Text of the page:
William Jones King (1803-1885) was born in Providence, Rhode Island as the eldest son of Elijah and Nancy King. His father Elijah was a master-mariner and a wealthy ship-owner, engaging in trade with the West Indies, likely partaking in the transport and sale of humans like many Rhode Island “merchants” at the time. Elijah was travelling to Martinique in 1815, when the Great Gale of 1815, the largest hurricane on record at the time in New England, intercepted the ships and capsized them. Elijah and his crew died at sea. After his father’s untimely death, which left the family poor, William (as the eldest at just 12 years old) became the sole support of his mother and three younger siblings at the time. William eventually became a clerk at the Union Bank in town, moving up the ranks until he became a cotton merchant. He had this home built a few years after his marriage to Lydia Gilbert. The house is an excellent example of a traditional Greek Revival home in the College Hill section of Providence with corner pilasters and central Ionic portico all sited high on a landscaped terrace behind an iron fence. The house is now owned by Brown University and has been renamed MacFarlane House after Walter Kilgore MacFarlane, Jr., a Brown alumnus in the class of 1923. The house today houses the main office of the Classics Department at Brown University.
One of the finest Federal period mansions in Providence is this well-sited home on College Hill known as the Captain George Benson House. George Benson was a partner of the mercantile firm of Brown, Benson & Ives, who made immense sums of money at the end of the 18th century. The firm did well as the movement to abolish the transatlantic slave trade grew at the time in Rhode Island, many abolitionists placed their faith in so-called “legitimate commerce,” an African trade centered on commodities other than enslaved people. In 1794, the firm run by Nicholas Brown, Jr., and his partners George Benson and Thomas Ives, tried the legitimate trade, and dispatched the ship Charlotte to Freetown Africa, under the command of Benson’s half brother, Martin. George’s half-brother Martin was a slave trader, a job that may have accounted for the unusually explicit tone in a 1794 letter of instructions: “by no means take any Slaves on board the Ship on any terms whatever as we desire to have nothing to do with business.” Three years later, George had this Federal style mansion constructed on the peak of College Hill which remains one of the best in the area over 200 years later.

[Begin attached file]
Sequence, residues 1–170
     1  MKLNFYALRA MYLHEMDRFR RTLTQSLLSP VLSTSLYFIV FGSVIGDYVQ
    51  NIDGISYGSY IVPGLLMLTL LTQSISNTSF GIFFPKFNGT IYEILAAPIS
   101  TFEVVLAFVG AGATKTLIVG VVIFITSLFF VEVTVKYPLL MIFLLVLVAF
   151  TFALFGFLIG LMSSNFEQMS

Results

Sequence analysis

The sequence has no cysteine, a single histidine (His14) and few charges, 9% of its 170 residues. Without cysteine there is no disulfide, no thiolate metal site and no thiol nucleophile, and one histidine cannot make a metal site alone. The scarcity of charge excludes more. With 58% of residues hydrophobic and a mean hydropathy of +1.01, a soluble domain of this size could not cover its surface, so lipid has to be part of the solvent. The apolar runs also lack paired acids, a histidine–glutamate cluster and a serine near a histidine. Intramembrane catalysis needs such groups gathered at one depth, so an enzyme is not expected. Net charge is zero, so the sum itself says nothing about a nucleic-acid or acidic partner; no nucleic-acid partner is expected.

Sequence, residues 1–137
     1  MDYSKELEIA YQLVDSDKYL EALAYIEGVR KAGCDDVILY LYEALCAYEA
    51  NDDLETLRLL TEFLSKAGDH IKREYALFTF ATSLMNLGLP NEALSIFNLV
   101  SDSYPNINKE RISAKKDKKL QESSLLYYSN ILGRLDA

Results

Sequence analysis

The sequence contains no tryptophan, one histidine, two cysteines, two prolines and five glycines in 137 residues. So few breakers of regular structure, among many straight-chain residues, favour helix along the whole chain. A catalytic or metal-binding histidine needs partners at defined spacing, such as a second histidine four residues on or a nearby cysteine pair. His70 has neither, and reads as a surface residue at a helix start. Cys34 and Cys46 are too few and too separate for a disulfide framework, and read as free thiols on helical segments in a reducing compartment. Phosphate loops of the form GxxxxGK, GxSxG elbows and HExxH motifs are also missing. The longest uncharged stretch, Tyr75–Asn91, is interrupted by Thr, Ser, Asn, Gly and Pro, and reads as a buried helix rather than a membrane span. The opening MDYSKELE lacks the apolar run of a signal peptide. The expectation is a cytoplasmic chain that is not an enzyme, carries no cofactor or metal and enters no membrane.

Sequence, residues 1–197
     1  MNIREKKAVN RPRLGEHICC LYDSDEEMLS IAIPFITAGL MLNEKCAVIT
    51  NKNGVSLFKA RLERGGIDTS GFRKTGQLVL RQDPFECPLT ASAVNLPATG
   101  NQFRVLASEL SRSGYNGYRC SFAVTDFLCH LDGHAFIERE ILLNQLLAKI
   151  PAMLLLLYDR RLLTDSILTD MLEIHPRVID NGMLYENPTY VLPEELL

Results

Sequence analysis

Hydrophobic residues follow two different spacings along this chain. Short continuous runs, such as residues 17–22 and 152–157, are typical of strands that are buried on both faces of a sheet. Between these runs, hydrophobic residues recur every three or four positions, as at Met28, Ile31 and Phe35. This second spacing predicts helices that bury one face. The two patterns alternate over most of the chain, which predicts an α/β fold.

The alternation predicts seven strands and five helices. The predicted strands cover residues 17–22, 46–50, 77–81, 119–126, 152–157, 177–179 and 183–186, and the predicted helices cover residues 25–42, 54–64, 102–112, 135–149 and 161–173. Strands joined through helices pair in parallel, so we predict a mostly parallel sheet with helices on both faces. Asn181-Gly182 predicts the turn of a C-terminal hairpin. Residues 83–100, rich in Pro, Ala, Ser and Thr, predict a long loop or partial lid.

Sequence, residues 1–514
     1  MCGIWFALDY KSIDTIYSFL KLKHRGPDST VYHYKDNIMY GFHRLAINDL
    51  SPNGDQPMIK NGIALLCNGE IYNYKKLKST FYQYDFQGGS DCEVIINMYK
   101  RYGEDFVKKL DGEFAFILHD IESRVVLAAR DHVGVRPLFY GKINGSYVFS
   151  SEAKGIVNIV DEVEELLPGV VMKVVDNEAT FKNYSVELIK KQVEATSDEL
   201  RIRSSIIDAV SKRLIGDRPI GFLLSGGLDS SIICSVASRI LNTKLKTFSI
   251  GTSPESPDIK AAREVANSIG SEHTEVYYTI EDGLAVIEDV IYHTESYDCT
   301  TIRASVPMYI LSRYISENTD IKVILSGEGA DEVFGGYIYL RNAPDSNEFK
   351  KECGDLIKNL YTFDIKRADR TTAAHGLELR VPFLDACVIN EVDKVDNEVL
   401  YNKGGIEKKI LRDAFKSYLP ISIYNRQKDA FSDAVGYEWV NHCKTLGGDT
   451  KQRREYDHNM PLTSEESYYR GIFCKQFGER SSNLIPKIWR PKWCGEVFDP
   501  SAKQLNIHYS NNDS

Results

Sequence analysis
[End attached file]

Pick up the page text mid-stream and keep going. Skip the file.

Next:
I love a good Second Empire style house with a mansard roof, and luckily, New England is full of amazing examples. This house in Providence’s College Hill neighborhood dates to about 1857 and appears to have been built for Francis W. Carpenter, a successful businessman who would later serve as President of the Congdon & Carpenter Company, an iron and steel company which was founded in 1792. Carpenter did very well for himself and would later move out of this house and into a stunning Beaux Arts mansion further up the street (featured previously), designed by the premier architectural firm of Carrère and Hastings. The house is today owned by RISD, and appears to be used for residences.
Pardon Miller, a watchmaker and silversmith in Providence had this Federal style home built in 1822 in Providence’s high-value College Hill neighborhood when he was in his 20s. The home and its neighbor were built at the same time, seemingly by the same builder as they share a lot of similarities in design and detailing. The house remained in the Miller Family until 1882, and it is now owned by the Rhode Island School of Design (RISD). The homes on the northern side of Angell Street, like this house, are largely built on a raised foundation with high retaining walls, which showcases the “hill” in College Hill.
Jonathan Congdon (1763-1862) worked in the hardware and iron business, following his father’s footsteps, eventually taking over the family business. Jonathan married Elizabeth Arnold and had at least nine children together. Two of their sons, Arnold and Welcome, too followed in the family business, as ironworkers and salesmen, with the new firm name, Jonathan Congdon & Sons. The company did well, and Jonathan replaced his c.1787 home on the lot (built at the time of his marriage) with the present structure. He also laid out a street on the side of the property, which was named Congdon Street. The home remained in the Congdon Family until 1937, when it was acquired by the Rhode Island School of Design (RISD).